Nick Clegg’s ‘Letter from the Leader’: “no use standing up for civil liberties in opposition if you forget all about them in power”

Nick was spoiled for choice this week on which liberal touchstone issues to focus on in his latest weekly missive… Whether to talk about torpedoing of the Draft Data Communications Bill or perhaps his pro-reform/anti-drugs stance following this week’s Home Affairs select committee report — in fact he talks about both, even linking them to his pro-Leveson position. Manna from heaven to Lib Dem activists. The only surprise is that this week’s equal marriage proposals aren’t mentioned…

Do you want the Home Secretary to be able to order the storage of vast quantities of data about who you email and call, your physical location, your web browsing and Facebook sessions? No, neither do I. Untargeted, blanket powers like these are an invitation for future governments to invade your privacy.

That’s why this week I pressed the pause button on the Communications Data Bill that was going through Parliament. A special committee was established to look at the legislation and its conclusions, published on Tuesday, were crystal clear – the legislation didn’t strike the right balance between our security and our personal privacy. We need to have a fundamental rethink and produce better proposals which give the police and security professionals the powers they need without going over the top.

My decision sparked controversy in some quarters, with the usual allegations that by attempting to protect civil liberties you are, by default, on the side of terrorists and paedophiles. I’m not usually inclined to dignify such arguments with a response, but let me just repeat what I said in the papers: of course we need to look at what new technology means for how we protect people from serious crime, and we will need to take new measures to address the problem. But we can do that by striking the right balance between our collective security needs and our individual right to privacy.

That is a difficult balance to strike – even more so when you are in Government. But it is no use standing up for civil liberties in opposition if you then forget all about them in power. It’s the same pattern that sees politicians rule out a sane approach to drug laws until they are safely out of office and only then they reveal they always favoured the kind of approach this week’s Home Affairs Select Committee suggested – a willingness to look in an open-minded way at all the evidence and alternative ways of dealing with the problems caused by drugs.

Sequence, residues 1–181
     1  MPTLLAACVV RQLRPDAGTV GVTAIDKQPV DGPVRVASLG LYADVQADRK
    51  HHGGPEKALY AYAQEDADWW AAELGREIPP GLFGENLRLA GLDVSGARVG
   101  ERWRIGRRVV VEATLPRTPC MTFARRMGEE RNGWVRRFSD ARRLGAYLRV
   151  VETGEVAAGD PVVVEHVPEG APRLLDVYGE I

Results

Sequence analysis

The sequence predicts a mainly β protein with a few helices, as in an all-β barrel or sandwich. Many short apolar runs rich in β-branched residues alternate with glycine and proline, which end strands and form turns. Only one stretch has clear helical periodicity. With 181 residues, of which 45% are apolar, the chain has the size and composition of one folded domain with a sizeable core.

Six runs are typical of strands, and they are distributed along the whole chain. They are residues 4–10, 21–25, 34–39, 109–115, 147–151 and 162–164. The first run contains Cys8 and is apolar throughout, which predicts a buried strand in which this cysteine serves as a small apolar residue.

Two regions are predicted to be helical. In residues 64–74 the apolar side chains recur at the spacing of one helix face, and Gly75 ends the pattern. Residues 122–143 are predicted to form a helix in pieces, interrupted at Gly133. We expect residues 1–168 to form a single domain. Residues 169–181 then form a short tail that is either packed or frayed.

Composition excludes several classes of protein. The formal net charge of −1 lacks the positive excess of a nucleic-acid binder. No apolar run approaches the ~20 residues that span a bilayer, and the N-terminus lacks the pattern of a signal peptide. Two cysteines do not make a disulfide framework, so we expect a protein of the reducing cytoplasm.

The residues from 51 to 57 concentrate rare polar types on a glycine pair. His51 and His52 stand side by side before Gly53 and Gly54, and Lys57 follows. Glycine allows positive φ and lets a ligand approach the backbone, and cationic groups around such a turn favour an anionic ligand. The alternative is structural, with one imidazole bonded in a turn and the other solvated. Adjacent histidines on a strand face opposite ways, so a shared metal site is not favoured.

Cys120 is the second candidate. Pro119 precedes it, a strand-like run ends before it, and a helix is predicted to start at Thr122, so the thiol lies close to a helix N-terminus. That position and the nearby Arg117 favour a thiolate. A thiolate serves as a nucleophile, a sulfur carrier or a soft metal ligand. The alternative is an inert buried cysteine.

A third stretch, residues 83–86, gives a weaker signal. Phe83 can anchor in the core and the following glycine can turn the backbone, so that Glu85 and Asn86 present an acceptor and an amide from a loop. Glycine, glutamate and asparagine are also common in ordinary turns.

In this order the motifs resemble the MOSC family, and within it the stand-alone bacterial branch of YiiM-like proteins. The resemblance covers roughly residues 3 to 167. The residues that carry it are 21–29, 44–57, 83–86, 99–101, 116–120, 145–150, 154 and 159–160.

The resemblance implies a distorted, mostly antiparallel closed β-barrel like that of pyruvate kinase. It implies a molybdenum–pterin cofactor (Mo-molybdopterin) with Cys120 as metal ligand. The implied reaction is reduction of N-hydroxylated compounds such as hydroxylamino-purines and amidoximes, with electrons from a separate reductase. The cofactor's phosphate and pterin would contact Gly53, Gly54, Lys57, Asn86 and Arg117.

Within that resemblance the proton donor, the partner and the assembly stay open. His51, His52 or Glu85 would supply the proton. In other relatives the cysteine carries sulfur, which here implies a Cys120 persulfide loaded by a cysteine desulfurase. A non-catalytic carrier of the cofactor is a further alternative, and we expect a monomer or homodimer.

In all of this I am bewildered by the way some of the biggest opponents of any kind of independent regulation of the press see no problem with the apparently limitless Government regulation of individual citizens. Liberalism for me is about protecting people from overmighty institutions while enabling people to get on in life. That’s not easy and we must always ensure that we ask ourselves tough questions, but I’m confident we are playing our part in getting the balance right. If you want to help the Liberal Democrats as we campaign for civil liberties you can support us here.

Thank you,

Nick Clegg

Do you know someone who would like to get Nick’s weekly email? Forward this message and they can sign up here:

You can read all Nick Clegg’s Letters from the Leader to date here.

* Stephen was Editor (and Co-Editor) of Liberal Democrat Voice from 2007 to 2015, and writes at The Collected Stephen Tall.

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  • “But it is no use standing up for civil liberties in opposition if you then forget all about them in power.”

    Just like it’s no use standing up for removing tuition fees if you… Oh wait.

  • Whilst Nick Clegg sticks up for Civil Liberties,

    Miliband blows the racist dogwhistle with his attack on immigrants,

  • I worry about people who don’t have enough to eat or can’t turn the heating on in the middle of winter, just because their safety nets have been cut.

    How do people defend their civil liberties when government regulations are making people homeless?

    People work, are good members of society and pay their taxes to ensure those safety nets are there if they are needed.
    And then, out of the blue they fall on hard times, and where is the safety net?

  • This is a step in the right direction. Let’s hope for a similar move on the proposals for secret courts.

  • Cllr Colin Strong 15th Dec '12 - 3:53pm

    Finally a stand on Civil Liberties! And on Secret Courts?
    I’m still waiting for a reply from Nick Clegg on the Secret Courts issue. I e-mailed the leader over two weeks ago.
    Like Tuition Fees, I am not holding my breath.
    But Secret Courts is a fundamental issue for me.

  • Dear Nick,